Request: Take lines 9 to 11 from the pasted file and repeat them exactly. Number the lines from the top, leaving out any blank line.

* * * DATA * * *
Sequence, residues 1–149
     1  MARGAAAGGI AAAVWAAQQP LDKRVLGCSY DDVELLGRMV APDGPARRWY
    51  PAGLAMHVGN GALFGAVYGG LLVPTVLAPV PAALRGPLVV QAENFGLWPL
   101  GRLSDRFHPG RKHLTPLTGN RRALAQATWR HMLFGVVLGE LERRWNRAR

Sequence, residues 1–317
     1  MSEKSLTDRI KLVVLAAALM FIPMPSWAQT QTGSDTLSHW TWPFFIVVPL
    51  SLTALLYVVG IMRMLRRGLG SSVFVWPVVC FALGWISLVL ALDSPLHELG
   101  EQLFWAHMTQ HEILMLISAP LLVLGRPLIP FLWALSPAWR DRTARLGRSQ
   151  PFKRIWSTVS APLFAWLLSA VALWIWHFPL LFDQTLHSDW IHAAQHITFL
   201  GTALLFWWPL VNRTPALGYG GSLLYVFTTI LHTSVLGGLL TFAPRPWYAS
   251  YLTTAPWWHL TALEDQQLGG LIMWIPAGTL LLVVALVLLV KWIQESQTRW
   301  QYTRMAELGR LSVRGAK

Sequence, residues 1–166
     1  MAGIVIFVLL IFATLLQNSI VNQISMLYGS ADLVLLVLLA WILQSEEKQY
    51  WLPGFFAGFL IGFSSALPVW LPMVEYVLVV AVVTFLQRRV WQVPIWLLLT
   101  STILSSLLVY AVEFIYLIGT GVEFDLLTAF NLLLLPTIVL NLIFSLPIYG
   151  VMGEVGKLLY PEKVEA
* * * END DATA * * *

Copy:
   151  PFKRIWSTVS APLFAWLLSA VALWIWHFPL LFDQTLHSDW IHAAQHITFL
   201  GTALLFWWPL VNRTPALGYG GSLLYVFTTI LHTSVLGGLL TFAPRPWYAS
   251  YLTTAPWWHL TALEDQQLGG LIMWIPAGTL LLVVALVLLV KWIQESQTRW